For the 10th consecutive year, the National Football League will host a “broadcast boot camp” at NFL Films headquarters in Mt. Laurel, New Jersey, May 16-19, while six past boot camp graduates will participate in what the league calls an “advanced broadcasting” program.
Per the league’s press release, regular boot camp sessions include “hands-on work in areas such as tape study, editing, studio and show preparation, radio production, production meetings, and field reporting,” with each camper having a chance to tape segments as an analyst and field reporter as well as appear live as a guest host on SiriusXM NFL Radio.
Participants in that entry-level camp include Emmanuel Acho, Bobby Carpenter, Eric Decker, Braylon Edwards, Brad Hopkins, James Ihedigbo, Rashad Johnson, Brandon London, Langston Moore, Will Overstreet, Mike Pouncey, Marcel Reese, Stan Routt, Geoff Schwartz, Freddie Scott, Duane Starks, Brandon Stokley, D.J. Williams and Dave Zastudil.
Decker, Johnson, Pouncey, Reese and Schwartz are currently on NFL rosters, while Acho and Ihedigbo are listed as free agents. And from a media standpoint, it’d probably be worth keeping a close eye on Decker, who stars with his wife, country musician Jessie James, in the E! reality show Eric & Jessie: Game On, as well as the media-savvy Schwartz. Both are only 29 and have some gas left in the tank as players, but they might have particularly bright futures in broadcasting.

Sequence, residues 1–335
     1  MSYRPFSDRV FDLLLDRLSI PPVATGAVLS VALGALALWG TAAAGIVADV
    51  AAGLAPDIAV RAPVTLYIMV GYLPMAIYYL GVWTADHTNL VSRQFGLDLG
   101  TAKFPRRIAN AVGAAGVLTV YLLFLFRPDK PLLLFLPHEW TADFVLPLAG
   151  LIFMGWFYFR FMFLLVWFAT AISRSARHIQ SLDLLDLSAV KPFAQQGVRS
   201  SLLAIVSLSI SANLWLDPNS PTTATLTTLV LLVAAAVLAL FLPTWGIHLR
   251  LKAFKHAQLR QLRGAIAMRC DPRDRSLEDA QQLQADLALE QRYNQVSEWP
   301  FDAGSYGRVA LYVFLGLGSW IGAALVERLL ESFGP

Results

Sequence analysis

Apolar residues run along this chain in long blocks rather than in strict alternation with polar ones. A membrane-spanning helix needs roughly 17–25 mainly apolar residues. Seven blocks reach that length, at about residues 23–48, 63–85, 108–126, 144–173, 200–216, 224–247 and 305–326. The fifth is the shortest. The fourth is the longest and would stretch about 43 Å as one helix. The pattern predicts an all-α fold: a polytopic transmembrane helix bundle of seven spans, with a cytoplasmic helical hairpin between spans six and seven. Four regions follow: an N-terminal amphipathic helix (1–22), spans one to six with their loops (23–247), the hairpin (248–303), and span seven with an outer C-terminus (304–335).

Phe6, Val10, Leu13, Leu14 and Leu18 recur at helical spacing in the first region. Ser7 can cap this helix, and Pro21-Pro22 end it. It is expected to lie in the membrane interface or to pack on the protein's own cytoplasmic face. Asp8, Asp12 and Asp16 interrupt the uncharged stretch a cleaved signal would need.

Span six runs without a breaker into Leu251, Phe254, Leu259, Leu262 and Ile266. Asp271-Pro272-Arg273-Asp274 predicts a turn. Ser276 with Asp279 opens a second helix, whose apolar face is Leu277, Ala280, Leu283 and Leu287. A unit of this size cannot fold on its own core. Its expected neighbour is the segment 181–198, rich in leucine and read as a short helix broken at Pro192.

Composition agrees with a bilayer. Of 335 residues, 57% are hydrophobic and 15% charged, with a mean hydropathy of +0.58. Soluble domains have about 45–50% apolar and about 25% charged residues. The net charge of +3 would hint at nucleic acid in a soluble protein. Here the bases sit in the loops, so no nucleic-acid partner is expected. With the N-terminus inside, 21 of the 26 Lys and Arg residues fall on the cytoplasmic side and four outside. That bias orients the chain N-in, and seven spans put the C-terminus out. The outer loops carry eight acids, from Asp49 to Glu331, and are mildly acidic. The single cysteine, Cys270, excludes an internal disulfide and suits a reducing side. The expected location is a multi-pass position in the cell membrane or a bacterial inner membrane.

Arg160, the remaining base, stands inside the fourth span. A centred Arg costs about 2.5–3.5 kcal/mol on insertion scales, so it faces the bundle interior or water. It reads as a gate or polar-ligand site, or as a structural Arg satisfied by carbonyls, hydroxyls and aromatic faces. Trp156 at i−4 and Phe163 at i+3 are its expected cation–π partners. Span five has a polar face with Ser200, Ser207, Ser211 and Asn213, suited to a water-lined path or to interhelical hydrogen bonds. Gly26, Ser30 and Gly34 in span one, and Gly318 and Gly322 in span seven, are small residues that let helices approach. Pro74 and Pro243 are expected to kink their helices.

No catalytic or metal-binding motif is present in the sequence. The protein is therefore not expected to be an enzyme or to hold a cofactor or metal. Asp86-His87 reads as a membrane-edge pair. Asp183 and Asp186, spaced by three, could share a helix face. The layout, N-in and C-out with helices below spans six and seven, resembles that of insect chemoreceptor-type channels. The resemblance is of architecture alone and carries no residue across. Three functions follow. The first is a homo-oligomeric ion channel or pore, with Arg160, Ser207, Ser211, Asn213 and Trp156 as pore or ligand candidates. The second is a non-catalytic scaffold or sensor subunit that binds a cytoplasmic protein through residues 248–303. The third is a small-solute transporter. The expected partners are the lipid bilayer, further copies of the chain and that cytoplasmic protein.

Meanwhile, the advanced program, which was introduced in 2013, will feature former receiver David Anderson (who once appeared on Late Night with Conan O’Brien after doing this), free-agent guard Willie Colon, former linebacker Ben Leber, former offensive lineman Marcus Price, two-time Pro Bowl linebacker Adalius Thomas and retired safety Tank Williams.
According to the league, more than one-third of the program’s 200-plus alumni “have earned broadcasting jobs as a result of their participation in the program,” so there’s a good chance at least a handful of the names just listed will be present on your TV, radio and/or computer for years to come. That said, we haven’t really seen much from any of the advanced graduates thus far, despite the fact that curriculum offers “one-on-one coaching and feedback from faculty members, as well as a voiceover audition with EA Sports.”
Regardless, don’t underestimate the importance attached to this entire endeavor. The NFL has for several years faced a dilemma pertaining to that difficult transition players are forced to make when they’re done with football. And sure, big stars like Peyton Manning can demand millions in TV without practice. But most ex-NFL players aren’t big stars, and many can’t move the needle just by talking. If the league’s numbers are correct, at least a half-dozen former players are finding rewarding work every years as a result of this program.
It all helps, and if the media market can continue to gain well-trained analysts and reporters every year, we might even reach a point at which networks stop cutting checks to ill-prepared retired superstars simply because they have higher Q scores.